3 New Picture Books about Nature

All the Animals Where I Live by Philip C. Stead

All the Animals Where I Live by Philip C. Stead (9781626726567)

Stead has created another picture book that invites you into his everyday world. Filled with stories of a bear chased off my an elderly woman and a teddy bear that Stead has had his entire life, stories of maple-syrup scented blankets, a dog named Wednesday, loud cranes, a falling turtle, and much more.

There is a beautiful simplicity to the book, one that slows the reader down to look out their own windows and think about the animals that live near them. The illustrations are simple too, washed with colors that suit the season and time of day, they move from yellows to blues to the oranges of autumn and to the ethereal greens of winter. A quiet and marvelous picture book. Appropriate for ages 4-6. (Reviewed from copy provided by Roaring Brook Press.)

The Sockeye Mother by Hetxw_ms Gyetxw

The Sockeye Mother by Hetxw’ms Gyetxw (Brett David Huson), illustrated by Natasha Donovan (9781553791395)

This picture book combines biology with a storytelling feel to create a very special tale. It is the story of sockeye salmon. From their time as a small fry just losing their yolk sac through to adult sockeye returning to their birthplace to spawn before they die. The picture book is also about the Gitxsan people of the Pacific Northwest and their connection to the river and the salmon. The book looks at the various stages of the live of the salmon and offers scientific information about them, the bears, environmental impact of humans, and much more.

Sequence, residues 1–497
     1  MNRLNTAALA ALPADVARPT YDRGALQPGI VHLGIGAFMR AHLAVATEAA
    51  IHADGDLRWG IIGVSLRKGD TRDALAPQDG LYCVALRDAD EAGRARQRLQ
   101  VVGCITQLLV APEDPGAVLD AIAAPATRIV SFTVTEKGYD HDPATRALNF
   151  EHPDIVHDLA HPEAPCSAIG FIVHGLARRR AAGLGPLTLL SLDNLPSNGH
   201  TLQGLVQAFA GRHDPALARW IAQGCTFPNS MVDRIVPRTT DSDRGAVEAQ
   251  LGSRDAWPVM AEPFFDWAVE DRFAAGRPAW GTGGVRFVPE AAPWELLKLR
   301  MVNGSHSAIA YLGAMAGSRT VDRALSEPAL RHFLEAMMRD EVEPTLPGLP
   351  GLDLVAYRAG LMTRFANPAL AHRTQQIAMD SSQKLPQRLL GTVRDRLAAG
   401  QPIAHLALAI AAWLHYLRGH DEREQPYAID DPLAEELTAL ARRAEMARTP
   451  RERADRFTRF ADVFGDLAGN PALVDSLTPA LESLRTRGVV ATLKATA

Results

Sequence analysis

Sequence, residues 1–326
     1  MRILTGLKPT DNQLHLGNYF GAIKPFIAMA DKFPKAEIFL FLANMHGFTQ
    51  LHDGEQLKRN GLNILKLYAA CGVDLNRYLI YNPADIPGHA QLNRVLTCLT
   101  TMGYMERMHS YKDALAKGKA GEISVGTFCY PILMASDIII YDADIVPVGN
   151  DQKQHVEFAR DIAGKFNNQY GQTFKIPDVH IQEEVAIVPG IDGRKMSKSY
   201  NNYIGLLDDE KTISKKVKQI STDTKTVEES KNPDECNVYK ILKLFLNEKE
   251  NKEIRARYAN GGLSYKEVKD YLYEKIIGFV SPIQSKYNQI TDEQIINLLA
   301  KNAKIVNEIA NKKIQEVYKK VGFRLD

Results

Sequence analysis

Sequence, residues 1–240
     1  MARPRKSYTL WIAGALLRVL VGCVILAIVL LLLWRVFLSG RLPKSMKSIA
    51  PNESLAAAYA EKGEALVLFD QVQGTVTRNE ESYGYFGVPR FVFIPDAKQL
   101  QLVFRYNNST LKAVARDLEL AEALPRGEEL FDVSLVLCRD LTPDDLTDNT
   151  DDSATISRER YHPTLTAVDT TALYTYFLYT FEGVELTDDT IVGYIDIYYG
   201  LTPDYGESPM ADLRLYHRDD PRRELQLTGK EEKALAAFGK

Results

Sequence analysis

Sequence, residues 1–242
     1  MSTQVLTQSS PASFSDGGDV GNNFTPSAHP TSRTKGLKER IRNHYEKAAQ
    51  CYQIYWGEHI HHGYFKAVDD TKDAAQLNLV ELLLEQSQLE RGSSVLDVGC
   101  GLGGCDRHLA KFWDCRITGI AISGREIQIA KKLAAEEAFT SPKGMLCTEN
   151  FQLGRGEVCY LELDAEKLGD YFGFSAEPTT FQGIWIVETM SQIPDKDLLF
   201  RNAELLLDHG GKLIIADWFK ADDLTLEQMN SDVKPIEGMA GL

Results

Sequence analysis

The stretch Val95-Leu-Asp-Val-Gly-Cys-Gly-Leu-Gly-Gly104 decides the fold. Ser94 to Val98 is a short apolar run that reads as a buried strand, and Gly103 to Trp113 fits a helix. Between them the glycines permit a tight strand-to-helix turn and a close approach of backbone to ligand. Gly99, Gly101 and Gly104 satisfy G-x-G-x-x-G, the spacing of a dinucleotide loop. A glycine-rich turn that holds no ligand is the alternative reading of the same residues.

The book is deep and lovely, the tone unique and lush. Seasons are captured in words but also in the senses. The scent of pine and cedar, the replacing of old snow with new snow, the run of water in the river, all fill this book with elements of the Pacific Northwest. The illustrations are large and mostly focused on the river and the salmon. Even the smoke from a fire flows across the dark sky like the river flows on other pages. A picture book written and illustrated to honor the Xsan river and the animals and humans who depend on it. Appropriate for ages 4-7. (Reviewed from library copy.)